Whitney’s June tax allocation up 13 percent
Texas Comptroller Glenn Hegar announced recently that he will send cities, counties, transit systems and special purpose taxing districts $782.1 million in local sales tax allocations for June, 10.1 percent more than in June 2018.
Whitney’s June rebate came to $55,438.13, up 13 percent from last June. Year-to-date figures show the city receiving $309,775.98, up one percent from the same period in 2018.
Allocations for other Hill County entities include: Abbott – $6,388.06, up 12 percent; Aquilla – $703.94, up 44 percent; Blum – $2,302.49, up 25 percent; Carl’s Corner – $5,432.99, down 0.13 percent; Covington – $5,146.61, up 67 percent; Hillsboro – $255,355.55, up five percent; Hubbard – $10,915.41, down six percent; Itasca – $27,539.93, up 146 percent; Malone – $1,066.90, down 24 percent; Mertens – $82.42, down 74 percent; Mount Calm – $850.80, up 21 percent; Penelope – $421.23, up 87 percent; Whitney – $55,438.13, up 13 percent.
June rebates for Bosque County cities were as follows: Clifton – $57,445.69, up 12 percent; Cranfills Gap – $2,239.03, down 20 percent; Iredell – $1,708.39, down two percent; Meridian – $14,915.24, up six percent; Morgan – $1,382.25, down six percent; Valley Mills – $8,834.25, up 24 percent; Walnut Springs – $4,330.49, up 32 percent.
These allocations are based on sales made in April by businesses that report tax monthly.
Bill signed by governor to benefit county payments
The Hill County Commissioners’ Court met in regular session Tuesday morning, June 11, and discussed recent legislation that will make it easier for the county to pay its bills.
Senate Bill 354 was approved by a legislative supermajority, which means it became law immediately upon being signed by Governor Greg Abbott on May 31.
An August 2017 attorney general’s opinion placed a burden on small counties by adding extra steps to the process of paying employees and bills in a timely manner.
That opinion stated that counties with populations of 190,000 or fewer lacked the necessary statute to authorize pre-approval of payroll and office expenses without special meetings of the commissioners’ court.
Commissioners have been holding special meetings almost weekly since the ruling, because they have to approve all expenditures before payments are made by the treasurer.
In the past, they were able to approve a list of routine and recurring payments that could be immediately paid by the treasurer before being reviewed and ratified at the court’s next meeting.
Hill County Treasurer Rhonda Burkhart said that recurring expenses, such as utilities, payroll, fuel and state fees often become due between regularly scheduled commissioners’ court dates.
She added that vendors who are assured timely payments can better negotiate terms, prices and services for the county.
Commissioners approved a list of expenses that may be paid before being ratified by the court.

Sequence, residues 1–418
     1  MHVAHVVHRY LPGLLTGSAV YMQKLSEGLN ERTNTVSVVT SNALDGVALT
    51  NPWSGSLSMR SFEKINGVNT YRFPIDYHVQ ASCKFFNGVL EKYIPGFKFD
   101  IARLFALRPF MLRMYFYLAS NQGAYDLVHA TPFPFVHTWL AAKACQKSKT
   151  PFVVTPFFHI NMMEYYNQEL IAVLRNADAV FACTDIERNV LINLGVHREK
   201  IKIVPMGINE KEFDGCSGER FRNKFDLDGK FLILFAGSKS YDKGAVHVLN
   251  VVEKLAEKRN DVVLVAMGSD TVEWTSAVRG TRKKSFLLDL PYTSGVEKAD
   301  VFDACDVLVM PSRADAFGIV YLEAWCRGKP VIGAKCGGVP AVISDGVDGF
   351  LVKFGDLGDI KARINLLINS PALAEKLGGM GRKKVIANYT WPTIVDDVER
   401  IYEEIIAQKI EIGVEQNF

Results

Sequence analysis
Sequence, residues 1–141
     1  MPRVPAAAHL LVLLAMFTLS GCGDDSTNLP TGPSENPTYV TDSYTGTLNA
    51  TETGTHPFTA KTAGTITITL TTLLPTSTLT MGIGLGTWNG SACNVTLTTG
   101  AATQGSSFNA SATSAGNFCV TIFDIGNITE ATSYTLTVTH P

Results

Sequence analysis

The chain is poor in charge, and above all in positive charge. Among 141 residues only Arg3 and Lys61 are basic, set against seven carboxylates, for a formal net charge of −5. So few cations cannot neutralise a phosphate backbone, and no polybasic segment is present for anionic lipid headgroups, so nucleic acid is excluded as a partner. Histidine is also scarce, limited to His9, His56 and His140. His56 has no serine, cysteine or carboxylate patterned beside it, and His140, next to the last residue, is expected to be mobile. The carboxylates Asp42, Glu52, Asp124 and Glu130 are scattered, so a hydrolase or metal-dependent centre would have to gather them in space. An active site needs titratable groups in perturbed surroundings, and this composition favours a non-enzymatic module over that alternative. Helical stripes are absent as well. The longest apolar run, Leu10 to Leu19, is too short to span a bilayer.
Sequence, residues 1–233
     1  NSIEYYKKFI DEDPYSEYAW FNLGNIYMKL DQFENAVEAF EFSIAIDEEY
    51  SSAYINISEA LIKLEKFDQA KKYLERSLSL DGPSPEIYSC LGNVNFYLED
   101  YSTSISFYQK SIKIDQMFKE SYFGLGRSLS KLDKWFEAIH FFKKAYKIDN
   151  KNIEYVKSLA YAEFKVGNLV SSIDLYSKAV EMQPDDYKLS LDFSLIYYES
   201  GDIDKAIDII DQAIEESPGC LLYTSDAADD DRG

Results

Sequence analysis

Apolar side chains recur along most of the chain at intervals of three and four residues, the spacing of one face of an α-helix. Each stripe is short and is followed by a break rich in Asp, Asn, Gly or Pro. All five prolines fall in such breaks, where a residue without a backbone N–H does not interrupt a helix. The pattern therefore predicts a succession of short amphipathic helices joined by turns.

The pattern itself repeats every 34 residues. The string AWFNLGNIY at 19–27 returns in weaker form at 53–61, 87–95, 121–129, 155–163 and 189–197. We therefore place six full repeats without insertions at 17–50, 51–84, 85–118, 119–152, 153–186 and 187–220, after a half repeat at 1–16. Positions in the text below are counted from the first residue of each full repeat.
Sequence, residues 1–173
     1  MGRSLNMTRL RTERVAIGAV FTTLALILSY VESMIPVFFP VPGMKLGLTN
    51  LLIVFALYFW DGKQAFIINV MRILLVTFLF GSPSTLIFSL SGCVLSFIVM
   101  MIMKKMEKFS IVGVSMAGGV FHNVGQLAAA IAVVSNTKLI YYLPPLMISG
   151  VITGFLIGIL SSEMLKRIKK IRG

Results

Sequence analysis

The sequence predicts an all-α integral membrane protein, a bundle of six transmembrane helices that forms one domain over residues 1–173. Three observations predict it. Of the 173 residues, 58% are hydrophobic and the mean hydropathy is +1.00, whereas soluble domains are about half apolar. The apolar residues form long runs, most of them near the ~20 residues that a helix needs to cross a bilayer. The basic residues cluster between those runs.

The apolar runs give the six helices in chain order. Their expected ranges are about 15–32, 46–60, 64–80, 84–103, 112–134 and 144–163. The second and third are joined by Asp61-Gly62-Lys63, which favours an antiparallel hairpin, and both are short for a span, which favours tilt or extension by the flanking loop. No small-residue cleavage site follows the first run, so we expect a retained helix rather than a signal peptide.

Hill County 4-H member Camryn Camp spoke to the court about the county’s youth shooting sports team.
She told commissioners that at last September’s kickoff meeting, around 150 young people showed up to participate. Most of those could not be retained due to the county not having a shooting range facility.
“I think the youth of Hill County would greatly benefit from the addition of a county shooting range,” Camp said.
County Judge Justin Lewis thanked Justice of the Peace Shane Brassell for volunteering to assist the youth in the program.
Precinct 2 Commissioner Larry Crumpton brought up the issue of barricades on county roads, saying that the movable barricades have become a problem.
Crumpton said that during recent flooding, he had to close HCR 2129 and HCR 2415 with barricades, but they were knocked down, moved out of the roadway or disregarded as motorists drove around them.
The commissioner said that other commissioners have discussed placing locked bars over closed roadways and that may be a necessary step to keep someone from getting hurt.
“I think there’s something to be said for that,” Lewis said. “That’s the only option we have at this point. They’re stealing out barricades and disregarding anything that’s movable.”
Crumpton and Precinct 3 Commissioner Scotty Hawkins also reported that illegal dumping continues to be a problem.
Hawkins told the court that on two nights the previous week, someone dumped two truckloads of tires on HCR 3102 and HCR 3363. He said that his crew lost two days of hauling rock to pick up about 500 tires, and it cost the county between $1,500 to $2,000 to address the issue.
Precinct 1 Commissioner Andrew Montgomery reported that the Federal Emergency Management Agency (FEMA) is still working to tour damaged roads in his precinct, and Precinct 4 Commissioner Martin Lake said that his crew has replaced around 50 culverts this year and has another 50 to go.
Hill County Emergency Management Coordinator Tom Hemrick said that the conversion of the sheriff’s office radio system to digital format has been completed.
Lewis told commissioners that Hemrick worked to obtain the grant for the project and said that the new system is improving voice clarity and making it possible to use radios in any area of the county.
“Big pat on the back for Tom,” Lewis said. “He deserves recognition for what he’s done.”
Commissioners voted to go out for bids for electricity service in the county with the county’s current electricity contract expiring next year.
The county will also seek bids for employee health insurance this year, and the court approved the request for proposals.
Health insurance bids will be due in the county judge’s office by Monday, July 8, at 4 p.m. with the goal of making a decision before the proposed county budget is drafted next month.